Moving on from a dream job.
One summer in middle school, I went to a camp called "Picture Yourself Making Movies" in which you would learn how to use a camera, lights, and editing software, and leave with a finished movie you made yourself. After that moment, I knew I needed to be in the movie industry.
Not much later, during my freshman year of high school, I was introduced to two things that would shape my entire life. The first was a copy of Macromedia Dreamweaver, and the second was getting into the broadcasting elective course. These two passions combined and I knew at that moment I wanted to work for an "Internet TV Station". At the time I didn't really know what that meant. In that era, video on the internet was more Newgrounds than Netflix.
But as we fast forward to my move across the country to the SF Bay Area, this dream began to take shape. My interview in Building A of Netflix was an absolutely surreal experience. Being there just felt right to me. I didn't get the job at that time, but I knew I'd just keep trying.
Eventually I made it in (obviously). At the time, we had just a few originals, we were in only a handful of locales, and we weren't yet global. I remember the 50M member party happened very soon before I joined, and our full time LG employee number was hovering just under 1,000 people.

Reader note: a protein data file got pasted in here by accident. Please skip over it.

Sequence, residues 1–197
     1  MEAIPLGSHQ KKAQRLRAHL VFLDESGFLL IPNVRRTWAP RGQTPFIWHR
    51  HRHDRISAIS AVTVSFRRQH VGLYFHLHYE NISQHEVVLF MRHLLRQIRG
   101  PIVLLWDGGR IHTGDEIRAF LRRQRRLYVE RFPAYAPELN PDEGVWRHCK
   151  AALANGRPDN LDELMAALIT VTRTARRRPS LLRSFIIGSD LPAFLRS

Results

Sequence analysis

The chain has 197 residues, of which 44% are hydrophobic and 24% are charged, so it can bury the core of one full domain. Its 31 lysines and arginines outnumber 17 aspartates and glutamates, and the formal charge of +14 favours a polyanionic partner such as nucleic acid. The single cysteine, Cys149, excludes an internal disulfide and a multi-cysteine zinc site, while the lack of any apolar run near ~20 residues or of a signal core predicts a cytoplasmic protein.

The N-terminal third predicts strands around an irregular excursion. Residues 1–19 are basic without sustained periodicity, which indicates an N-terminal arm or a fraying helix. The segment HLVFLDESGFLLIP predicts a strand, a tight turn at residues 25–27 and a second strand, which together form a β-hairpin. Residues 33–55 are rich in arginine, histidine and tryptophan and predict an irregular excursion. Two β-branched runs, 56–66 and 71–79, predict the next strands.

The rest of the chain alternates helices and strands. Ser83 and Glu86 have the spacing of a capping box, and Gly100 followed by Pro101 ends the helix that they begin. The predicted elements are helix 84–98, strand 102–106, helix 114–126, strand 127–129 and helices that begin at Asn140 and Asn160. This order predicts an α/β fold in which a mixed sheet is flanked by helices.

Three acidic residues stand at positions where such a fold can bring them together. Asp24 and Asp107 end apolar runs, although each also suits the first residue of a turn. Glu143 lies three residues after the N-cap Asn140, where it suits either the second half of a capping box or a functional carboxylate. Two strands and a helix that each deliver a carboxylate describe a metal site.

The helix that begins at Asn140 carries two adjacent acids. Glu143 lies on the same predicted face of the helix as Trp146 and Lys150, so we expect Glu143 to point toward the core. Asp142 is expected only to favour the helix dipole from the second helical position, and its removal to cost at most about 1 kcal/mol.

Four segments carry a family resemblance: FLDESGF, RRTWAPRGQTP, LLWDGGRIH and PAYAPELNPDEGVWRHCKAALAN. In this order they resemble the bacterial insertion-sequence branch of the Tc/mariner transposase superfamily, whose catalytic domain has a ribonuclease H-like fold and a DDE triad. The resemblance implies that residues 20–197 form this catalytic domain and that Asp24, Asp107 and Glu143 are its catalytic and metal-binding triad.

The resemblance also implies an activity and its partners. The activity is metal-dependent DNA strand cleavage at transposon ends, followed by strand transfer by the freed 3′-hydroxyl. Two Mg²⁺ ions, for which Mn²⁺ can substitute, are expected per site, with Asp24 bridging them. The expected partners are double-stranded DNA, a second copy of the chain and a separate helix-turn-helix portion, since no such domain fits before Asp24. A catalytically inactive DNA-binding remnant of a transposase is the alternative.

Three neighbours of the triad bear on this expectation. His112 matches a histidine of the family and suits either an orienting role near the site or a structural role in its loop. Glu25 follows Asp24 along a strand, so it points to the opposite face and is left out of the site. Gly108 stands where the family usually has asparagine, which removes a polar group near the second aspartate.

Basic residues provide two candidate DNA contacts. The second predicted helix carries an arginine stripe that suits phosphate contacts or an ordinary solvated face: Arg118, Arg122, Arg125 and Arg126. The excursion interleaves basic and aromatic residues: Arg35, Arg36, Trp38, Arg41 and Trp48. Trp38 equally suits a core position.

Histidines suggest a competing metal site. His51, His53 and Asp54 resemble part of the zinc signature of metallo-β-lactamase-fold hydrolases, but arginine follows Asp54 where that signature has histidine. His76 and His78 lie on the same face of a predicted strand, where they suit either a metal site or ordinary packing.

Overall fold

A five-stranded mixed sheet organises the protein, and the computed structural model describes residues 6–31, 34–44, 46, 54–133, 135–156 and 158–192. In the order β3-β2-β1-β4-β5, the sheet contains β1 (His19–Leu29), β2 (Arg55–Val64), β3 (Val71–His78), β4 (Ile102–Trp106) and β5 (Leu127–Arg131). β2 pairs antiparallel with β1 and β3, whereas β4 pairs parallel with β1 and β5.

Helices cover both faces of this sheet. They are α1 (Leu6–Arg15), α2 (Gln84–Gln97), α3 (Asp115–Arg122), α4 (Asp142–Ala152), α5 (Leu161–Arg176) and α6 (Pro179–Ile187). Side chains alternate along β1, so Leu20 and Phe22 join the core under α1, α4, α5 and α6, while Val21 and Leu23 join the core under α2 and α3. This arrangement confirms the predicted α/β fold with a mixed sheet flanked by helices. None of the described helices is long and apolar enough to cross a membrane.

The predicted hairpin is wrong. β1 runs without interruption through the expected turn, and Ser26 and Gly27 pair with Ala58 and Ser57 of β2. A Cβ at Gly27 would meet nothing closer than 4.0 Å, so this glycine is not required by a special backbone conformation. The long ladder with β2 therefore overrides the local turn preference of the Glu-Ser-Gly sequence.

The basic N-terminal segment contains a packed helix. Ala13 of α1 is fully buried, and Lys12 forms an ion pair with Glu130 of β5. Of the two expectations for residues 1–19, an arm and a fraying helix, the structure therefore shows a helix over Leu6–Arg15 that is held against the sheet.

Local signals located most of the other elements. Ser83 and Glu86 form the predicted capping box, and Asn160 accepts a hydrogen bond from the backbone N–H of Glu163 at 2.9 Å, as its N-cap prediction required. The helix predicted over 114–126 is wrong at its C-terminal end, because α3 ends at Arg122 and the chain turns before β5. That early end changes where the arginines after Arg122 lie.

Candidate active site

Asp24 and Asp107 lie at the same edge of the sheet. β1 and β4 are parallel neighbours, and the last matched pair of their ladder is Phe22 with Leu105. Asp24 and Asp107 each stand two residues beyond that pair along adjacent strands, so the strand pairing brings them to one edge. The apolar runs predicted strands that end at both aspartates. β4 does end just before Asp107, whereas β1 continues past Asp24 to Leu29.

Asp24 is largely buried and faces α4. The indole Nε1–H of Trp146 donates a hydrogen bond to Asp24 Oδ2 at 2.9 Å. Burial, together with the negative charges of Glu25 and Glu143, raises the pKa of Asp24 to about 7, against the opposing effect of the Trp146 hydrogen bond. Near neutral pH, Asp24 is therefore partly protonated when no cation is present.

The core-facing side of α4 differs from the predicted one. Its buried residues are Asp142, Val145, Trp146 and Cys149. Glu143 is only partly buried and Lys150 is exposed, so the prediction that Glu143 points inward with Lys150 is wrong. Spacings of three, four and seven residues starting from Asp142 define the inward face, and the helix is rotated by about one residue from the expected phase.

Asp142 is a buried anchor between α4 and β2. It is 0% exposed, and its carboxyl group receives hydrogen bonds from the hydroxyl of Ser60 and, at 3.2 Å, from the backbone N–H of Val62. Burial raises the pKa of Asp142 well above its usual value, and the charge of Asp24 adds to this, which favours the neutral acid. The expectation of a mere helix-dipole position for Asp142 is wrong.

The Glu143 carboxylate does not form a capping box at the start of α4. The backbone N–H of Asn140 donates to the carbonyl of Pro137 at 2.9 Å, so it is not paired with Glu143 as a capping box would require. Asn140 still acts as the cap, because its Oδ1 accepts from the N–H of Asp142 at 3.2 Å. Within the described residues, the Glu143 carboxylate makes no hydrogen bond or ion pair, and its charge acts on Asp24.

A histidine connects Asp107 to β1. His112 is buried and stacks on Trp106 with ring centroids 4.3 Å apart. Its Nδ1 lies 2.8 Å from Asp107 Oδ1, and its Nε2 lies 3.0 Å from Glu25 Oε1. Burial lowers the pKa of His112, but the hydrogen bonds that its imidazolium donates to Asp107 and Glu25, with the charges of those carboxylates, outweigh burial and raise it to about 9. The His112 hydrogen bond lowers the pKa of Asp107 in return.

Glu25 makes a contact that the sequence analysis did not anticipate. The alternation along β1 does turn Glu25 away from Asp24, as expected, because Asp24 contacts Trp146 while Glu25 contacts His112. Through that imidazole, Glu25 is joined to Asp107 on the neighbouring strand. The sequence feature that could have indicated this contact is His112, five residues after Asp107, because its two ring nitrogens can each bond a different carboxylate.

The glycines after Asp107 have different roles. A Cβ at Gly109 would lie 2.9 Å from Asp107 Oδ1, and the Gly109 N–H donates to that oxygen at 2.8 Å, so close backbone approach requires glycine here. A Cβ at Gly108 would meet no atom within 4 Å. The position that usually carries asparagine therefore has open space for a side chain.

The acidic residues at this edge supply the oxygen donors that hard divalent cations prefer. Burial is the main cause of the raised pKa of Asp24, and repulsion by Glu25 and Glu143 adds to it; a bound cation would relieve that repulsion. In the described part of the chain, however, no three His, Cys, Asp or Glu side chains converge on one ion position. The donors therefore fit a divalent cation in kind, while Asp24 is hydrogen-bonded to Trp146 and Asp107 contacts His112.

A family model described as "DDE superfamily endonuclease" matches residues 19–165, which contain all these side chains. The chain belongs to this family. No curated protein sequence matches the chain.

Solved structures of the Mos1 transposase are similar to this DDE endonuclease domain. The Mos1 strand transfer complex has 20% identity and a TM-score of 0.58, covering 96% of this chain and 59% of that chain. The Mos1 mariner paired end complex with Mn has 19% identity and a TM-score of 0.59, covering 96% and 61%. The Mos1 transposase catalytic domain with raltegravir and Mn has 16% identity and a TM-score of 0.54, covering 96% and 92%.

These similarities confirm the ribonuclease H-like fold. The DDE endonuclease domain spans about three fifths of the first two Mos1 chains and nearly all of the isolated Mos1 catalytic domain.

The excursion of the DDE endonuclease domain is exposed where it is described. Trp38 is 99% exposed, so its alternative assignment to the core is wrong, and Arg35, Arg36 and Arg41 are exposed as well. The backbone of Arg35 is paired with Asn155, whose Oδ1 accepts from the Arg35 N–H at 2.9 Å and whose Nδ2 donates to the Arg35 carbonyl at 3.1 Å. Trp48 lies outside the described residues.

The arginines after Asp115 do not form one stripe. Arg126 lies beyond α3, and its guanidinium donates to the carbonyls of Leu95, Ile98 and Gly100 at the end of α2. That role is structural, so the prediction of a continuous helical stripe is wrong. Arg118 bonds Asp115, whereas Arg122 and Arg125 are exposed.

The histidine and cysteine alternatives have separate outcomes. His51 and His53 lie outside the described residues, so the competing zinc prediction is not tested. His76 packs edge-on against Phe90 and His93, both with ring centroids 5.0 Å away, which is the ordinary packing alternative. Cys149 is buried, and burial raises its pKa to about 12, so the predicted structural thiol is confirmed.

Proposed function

It was the first time I was in a job I loved. At a company I really believed in. I remember going to my first strat and being taken aback at the passion of every single person in the room. That passion, I believe, is the real secret sauce that Netflix has. Nobody saw it as "just another job".
So now, here we are nearly eight years later. Netflix has changed a little bit. From 50M to 220M+ members, something like 10,000 employees, thousands of originals available across the world.
At what point after getting one's dream job, is it time to move on and beyond? What is the inflection point required to make sure we all keep growing?
For me, that time is now. It isn't easy, but change is rarely easy. I'll be cheering from the sidelines now, watching excitedly as Netflix continues to get better at its goal of entertaining the world.
I'll end it with my favorite phrase of Reed's:
"We suck compared to what we are going to be."
Keep moving forward,